The fitting 113 is pressurized with air or any other suitable fluid through a supply line 116. A T-fitting 117 to which the supply line 116 and tube fitting 113 are connected assures that the diaphragm chamber 102 will be pressurized whenever the tube 112 is pressurized. The aforementioned displacement of the pin 97 into interlocking relationship with the slot 104 associated with the latching block 87 protects against inadvertent operation of the control rod 88 while the tube 112 is pressurized, thereby avoiding uncontrolled opening of the segments 84 and 85 upon rotation of the block extensions 89 out of engagement of the segment projections 91 and 92 and overexpansion of the tube 112.
FIG. 7 illustrates a modification of the tank assembly of FIGS. 1 and 2, wherein the interior zones of the tank sections designated 11' and 12' are isolated by a flexible wall 121. In this embodiment, the flexible wall 121 is provided in the form of a rolling diaphragm, itself generally known to those skilled in the art. The diaphragm 121 has the form of a cup and, according to conventional practice, may be fabricated of fiber-reinforced, elastomeric material in order to maintain its shape. An open circumferential edge 126 of the diaphragm 121 is vulcanized or otherwise joined in fluidtight relation to a peripheral seal member 127 of circular cross section and analogous to the O-ring 16 of FIG. 2.
The plane of separation between the tank sections 11' and 12' may be more near the longitudinal center of the tank than that of FIG. 1, or at the center, to allow the diaphragm to move longitudinally through a stroke as long as possible. An intermediate position of the dipharagm 121 is illustrated in phantom in FIG. 7 where the sides of the diaphragm have been caused to roll upon themselves. The circumferential flanges 13 and 14 and closure band 15 have been designated by the same numerals as those of FIGS. 1 and 2, since these components may be substantially the same as the previously described embodiment. Preferably, the circumferential seal member 127 effects a seal on beveled sufaces 31 in the same manner as the O-ring 16, while the various elements are so proportioned that the end faces 19 and 20 have a spacing somewhat greater than the thickness of the diaphragm edge 126 to ensure adequate compression of the seal member by relative axial closing movement of the flanges 13 and 14.
The assembly of FIG. 7 is particularly suited for use where two fluids are to be kept isolated from one another within the tank. A typical application of this structure is an accumulator for domestic water storage systems, where air is maintained at a pressure on one side of the diaphragm 121 while water is disposed on the opposite side. Ordinarily, in such use both tank sections 11' and 12' are provided with individual ports.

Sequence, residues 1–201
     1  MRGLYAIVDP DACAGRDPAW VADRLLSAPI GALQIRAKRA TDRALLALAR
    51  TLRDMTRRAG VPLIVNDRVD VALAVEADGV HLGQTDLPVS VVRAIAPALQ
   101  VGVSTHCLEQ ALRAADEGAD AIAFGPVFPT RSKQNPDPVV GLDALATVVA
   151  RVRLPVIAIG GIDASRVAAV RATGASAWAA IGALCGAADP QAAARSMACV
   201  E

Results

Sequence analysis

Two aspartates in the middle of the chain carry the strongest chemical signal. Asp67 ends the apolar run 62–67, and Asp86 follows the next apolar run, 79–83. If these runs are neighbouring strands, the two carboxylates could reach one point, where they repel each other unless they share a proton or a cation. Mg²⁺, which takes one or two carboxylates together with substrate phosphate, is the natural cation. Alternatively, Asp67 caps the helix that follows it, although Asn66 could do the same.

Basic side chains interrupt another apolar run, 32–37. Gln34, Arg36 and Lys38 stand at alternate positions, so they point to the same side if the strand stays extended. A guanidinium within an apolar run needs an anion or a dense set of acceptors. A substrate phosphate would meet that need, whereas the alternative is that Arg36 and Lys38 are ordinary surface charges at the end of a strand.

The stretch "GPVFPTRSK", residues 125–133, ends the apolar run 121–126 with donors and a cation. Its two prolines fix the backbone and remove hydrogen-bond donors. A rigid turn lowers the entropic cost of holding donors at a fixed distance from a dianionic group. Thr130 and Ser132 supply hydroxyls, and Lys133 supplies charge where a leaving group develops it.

In FIG. 6, there is shown another embodiment of the invention. As in the previous embodiments, cylindrical tank sections 131 and 132 are fabricated by transversely severing an integral bag-molded, fiber-reinforced tank such as that described in the aforementioned patents. In this embodiment, however, a pair of substantially identical flanges 133 are bonded to the exterior surfaces of the tank sections 131 and 132. The sidewalls of the tank sections 131 and 132 illustrated in FIG. 6 correspond to those illustrated in the embodiment of FIG. 2, but need not be reinforced by additional wall thickness since the bonding assembly of the flanges 133 avoids the necessity of grooving the side-walls. The tank sections 131,132 may be formed by cutting through a tank with a conventional cut-off tool or other appropriate means.
The flanges 133 preferably are molded as circumferentially continuous rings of fiber-reinforced, plastic material, which may be the same as or similar to the material of the tank sections 131 and 132. The flanges 133 include integral, cylindrical portions 135 and radial skirt portions 136. As seen, a leading surface 137 of the skirt portion 136 is generally conical and analogous to the forward surface of the skirt portion 36 of the metal flanges of FIGS. 1 and 2. The bore, designated 138, of the flanges 133 is slightly tapered outwardly in a forward direction so that its major diameter is immediately adjacent the conical lead surface 137. The minor diameter of each flange 133 is approximately equal to the nominal outside diameter of the tank sections to enable it to be readily assembled over a tank section.
Each flange 133 preferably is bonded or locked to its associated tank sections 131 or 132 by a suitable epoxy or other adhesive. This is ideally accomplished by applying a reactive epoxy mix in a circumferentially continuous band about the exterior of the tank sections in an axial width approximately equal to two-thirds of the length of a flange 133, but spaced slightly away from the end faces designated 141 and 142 of the tank sections 131 and 132 to assure that the outer surfaces of the tank sections 131 and 132 immediately adjacent these end faces do not become coated with bonding material upon installation of the flanges 133. After application of the epoxy bonding agent, a flange 133 is slipped over its associated tank section from the rearward end of the tank forwardly over the epoxy and finally adjacent the end face of the tank. The tapered bore 148 of the flange 133 tends to scoop up any thickness of excess bonding material resulting from an uneven application and ensures that a sufficient amount of the bonding material is distributed circumferentially about the tank section. Upon hardening, the bonding medium, designated 146, cooperates with the tapered bore in the manner of a taper lock to mechanically interlock a flange 133 to its associated tank section 131 or 132, thereby enhancing the adhesive strength of the bonding medium.